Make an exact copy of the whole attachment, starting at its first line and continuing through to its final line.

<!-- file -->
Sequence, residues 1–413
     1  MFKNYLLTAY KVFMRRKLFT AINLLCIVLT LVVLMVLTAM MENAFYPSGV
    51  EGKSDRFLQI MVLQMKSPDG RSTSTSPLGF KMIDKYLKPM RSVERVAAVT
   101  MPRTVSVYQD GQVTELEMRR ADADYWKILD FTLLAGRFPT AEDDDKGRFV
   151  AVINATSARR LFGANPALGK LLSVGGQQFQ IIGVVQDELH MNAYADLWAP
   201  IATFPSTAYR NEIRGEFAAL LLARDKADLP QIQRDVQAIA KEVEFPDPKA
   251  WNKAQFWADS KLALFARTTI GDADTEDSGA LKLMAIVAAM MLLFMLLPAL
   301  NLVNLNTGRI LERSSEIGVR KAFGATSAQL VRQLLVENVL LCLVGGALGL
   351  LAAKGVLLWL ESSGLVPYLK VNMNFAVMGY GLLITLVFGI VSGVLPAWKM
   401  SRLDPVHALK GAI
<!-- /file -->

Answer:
Sequence, residues 1–413
     1  MFKNYLLTAY KVFMRRKLFT AINLLCIVLT LVVLMVLTAM MENAFYPSGV
    51  EGKSDRFLQI MVLQMKSPDG RSTSTSPLGF KMIDKYLKPM RSVERVAAVT
   101  MPRTVSVYQD GQVTELEMRR ADADYWKILD FTLLAGRFPT AEDDDKGRFV
   151  AVINATSARR LFGANPALGK LLSVGGQQFQ IIGVVQDELH MNAYADLWAP
   201  IATFPSTAYR NEIRGEFAAL LLARDKADLP QIQRDVQAIA KEVEFPDPKA
   251  WNKAQFWADS KLALFARTTI GDADTEDSGA LKLMAIVAAM MLLFMLLPAL
   301  NLVNLNTGRI LERSSEIGVR KAFGATSAQL VRQLLVENVL LCLVGGALGL
   351  LAAKGVLLWL ESSGLVPYLK VNMNFAVMGY GLLITLVFGI VSGVLPAWKM
   401  SRLDPVHALK GAI